[Repost of material appearing on 23 August 2006]
Still fiddling with lacy knitting and doilies here. I’m making progress. Although the notation used in the Schnelling pattern is squirrelly, once the unfamiliarity factor is removed, it’s not difficult to follow. I’m now up to round 58 or so. I plan on working this pattern out to round 125 or so, so you can see I’m a little way over a third through with this project. (Remember, as the rounds progress, they get larger, so while I may be almost half-way through the round count, my later rounds will be much larger than the initial ones, so there are lots more stitches to go).
What’s next in terms of lace knitting? I’m not sure. I’ve got the Princess Shawl pattern safely stored away, waiting for the inspiration to work up. I’m sorely tempted to buy the Wedding Ring pattern, too. But those are both very large life-consuming projects. I am sure I’ll enjoy them, but I’m not in the mood to give over to yet another monster project right now. So Princess will sit a while. In the back of my mind lurks the thought that someday my two rugrats will be female adults, and that it would be nice to provide them each with an heirloom. But they’re both still in the anime, Popsicles, and homework phase of life, so I’ve got lots of time.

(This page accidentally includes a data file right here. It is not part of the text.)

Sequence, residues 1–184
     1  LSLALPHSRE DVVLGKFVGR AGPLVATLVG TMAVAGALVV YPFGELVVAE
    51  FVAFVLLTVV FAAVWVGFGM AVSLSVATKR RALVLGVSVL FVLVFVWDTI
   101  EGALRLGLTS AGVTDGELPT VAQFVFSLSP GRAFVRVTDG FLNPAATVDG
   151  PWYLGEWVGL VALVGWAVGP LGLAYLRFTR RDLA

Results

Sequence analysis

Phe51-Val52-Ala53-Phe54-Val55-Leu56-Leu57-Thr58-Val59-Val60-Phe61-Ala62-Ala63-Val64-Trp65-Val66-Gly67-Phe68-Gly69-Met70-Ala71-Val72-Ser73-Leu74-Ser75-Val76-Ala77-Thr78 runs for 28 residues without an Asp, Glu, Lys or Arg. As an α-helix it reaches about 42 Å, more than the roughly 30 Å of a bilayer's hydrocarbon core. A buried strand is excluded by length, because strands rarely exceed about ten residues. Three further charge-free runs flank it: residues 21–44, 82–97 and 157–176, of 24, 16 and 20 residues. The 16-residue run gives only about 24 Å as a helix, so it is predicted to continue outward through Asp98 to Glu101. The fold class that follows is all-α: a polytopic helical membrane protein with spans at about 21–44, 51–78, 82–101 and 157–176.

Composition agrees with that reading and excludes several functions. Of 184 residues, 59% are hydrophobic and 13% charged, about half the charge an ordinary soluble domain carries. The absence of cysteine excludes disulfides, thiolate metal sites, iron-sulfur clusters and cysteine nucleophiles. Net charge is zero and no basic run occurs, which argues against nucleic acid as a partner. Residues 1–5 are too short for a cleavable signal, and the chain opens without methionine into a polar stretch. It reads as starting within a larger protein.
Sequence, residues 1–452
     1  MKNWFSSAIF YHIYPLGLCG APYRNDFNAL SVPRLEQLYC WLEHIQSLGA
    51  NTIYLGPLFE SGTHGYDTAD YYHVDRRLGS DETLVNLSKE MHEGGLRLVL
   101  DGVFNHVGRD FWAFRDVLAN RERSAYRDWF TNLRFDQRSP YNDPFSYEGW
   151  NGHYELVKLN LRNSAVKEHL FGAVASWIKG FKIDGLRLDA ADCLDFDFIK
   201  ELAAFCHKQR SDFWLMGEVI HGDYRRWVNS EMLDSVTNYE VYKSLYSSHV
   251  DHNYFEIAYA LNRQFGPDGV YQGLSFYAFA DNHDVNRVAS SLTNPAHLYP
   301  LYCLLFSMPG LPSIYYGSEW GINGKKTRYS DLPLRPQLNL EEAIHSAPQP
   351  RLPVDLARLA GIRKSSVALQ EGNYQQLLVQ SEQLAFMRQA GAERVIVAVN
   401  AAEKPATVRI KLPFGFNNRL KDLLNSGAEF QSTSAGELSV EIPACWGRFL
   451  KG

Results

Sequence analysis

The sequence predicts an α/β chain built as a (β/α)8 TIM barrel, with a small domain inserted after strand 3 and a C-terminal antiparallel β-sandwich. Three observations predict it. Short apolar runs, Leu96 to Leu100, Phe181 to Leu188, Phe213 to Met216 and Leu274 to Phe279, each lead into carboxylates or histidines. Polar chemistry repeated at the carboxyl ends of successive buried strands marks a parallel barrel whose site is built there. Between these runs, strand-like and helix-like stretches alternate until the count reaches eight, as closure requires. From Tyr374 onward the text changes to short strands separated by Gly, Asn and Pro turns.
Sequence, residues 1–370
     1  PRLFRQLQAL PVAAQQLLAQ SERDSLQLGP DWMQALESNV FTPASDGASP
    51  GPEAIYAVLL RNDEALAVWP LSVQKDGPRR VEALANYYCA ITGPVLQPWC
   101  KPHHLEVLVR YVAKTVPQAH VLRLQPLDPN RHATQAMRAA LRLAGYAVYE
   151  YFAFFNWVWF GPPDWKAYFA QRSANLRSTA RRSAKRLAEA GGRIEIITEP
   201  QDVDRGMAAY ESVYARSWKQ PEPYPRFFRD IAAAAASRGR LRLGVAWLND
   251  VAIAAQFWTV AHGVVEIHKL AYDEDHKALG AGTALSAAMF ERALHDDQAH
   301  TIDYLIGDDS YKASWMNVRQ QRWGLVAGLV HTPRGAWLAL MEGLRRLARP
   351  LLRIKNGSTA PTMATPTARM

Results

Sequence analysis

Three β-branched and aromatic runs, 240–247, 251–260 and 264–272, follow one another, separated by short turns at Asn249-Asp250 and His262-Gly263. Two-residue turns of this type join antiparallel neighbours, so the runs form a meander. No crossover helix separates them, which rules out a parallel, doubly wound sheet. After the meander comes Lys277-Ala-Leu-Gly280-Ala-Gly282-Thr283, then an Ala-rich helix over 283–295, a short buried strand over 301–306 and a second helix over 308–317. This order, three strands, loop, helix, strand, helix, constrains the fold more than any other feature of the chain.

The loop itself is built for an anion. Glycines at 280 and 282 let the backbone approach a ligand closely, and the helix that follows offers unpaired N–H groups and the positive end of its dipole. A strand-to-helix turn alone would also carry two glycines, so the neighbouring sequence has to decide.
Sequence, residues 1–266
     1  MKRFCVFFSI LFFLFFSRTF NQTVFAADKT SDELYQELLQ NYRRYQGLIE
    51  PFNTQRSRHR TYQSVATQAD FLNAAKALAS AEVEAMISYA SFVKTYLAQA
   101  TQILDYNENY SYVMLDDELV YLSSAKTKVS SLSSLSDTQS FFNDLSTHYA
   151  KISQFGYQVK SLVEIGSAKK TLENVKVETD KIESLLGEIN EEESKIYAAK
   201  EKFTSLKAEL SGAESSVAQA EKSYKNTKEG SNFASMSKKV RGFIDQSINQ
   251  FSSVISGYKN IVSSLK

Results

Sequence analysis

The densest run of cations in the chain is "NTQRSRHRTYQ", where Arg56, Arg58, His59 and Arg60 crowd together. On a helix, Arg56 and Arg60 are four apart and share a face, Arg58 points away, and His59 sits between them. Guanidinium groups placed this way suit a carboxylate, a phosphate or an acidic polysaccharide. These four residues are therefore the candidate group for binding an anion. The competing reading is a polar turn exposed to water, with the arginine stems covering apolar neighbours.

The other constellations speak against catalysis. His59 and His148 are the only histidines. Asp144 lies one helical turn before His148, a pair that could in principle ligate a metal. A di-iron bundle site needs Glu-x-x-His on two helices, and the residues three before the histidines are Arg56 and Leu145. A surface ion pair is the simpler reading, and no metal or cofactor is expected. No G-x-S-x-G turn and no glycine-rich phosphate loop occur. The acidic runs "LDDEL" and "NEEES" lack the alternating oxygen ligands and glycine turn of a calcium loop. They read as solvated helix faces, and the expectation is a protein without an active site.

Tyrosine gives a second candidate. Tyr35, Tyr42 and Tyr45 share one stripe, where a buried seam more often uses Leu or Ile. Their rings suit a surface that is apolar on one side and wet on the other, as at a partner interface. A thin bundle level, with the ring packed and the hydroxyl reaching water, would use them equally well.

To answer yet another question – the tiny stitch markers. What are they?
They’re inexpensive silver color 4mm split rings, bought at a crafts store. 4mm is big enough to sit comfortably on needle sizes up to 3.5mm, perfect for lace. I think a little bag of 50 set me back a princely $1.75. They’re thicker than single jump rings, and so stay put instead of wandering off under YOs. I save the wildly fancy dinglebob-graced silver marker for end-of-round use, and flick these little cheapies in to mark each repeat. At that price and quantity, if some end up under the sofa or in the wash, I don’t mind.
Why mark each repeat? Because doing so is way of proofing the lace as I knit. I don’t use a lifeline (lifeline video from KnittingHelp) and rarely have to rip back a full row. I avoid that by using lots of markers and making sure that each repeat is correct before I move on past the upcoming marker to the next section.
I also use a lot of stitch markers and no lifeline. If I do make a mistake, I can find it fairly quick and I can drop back a stitch or two if necessary to correct a mistake further back.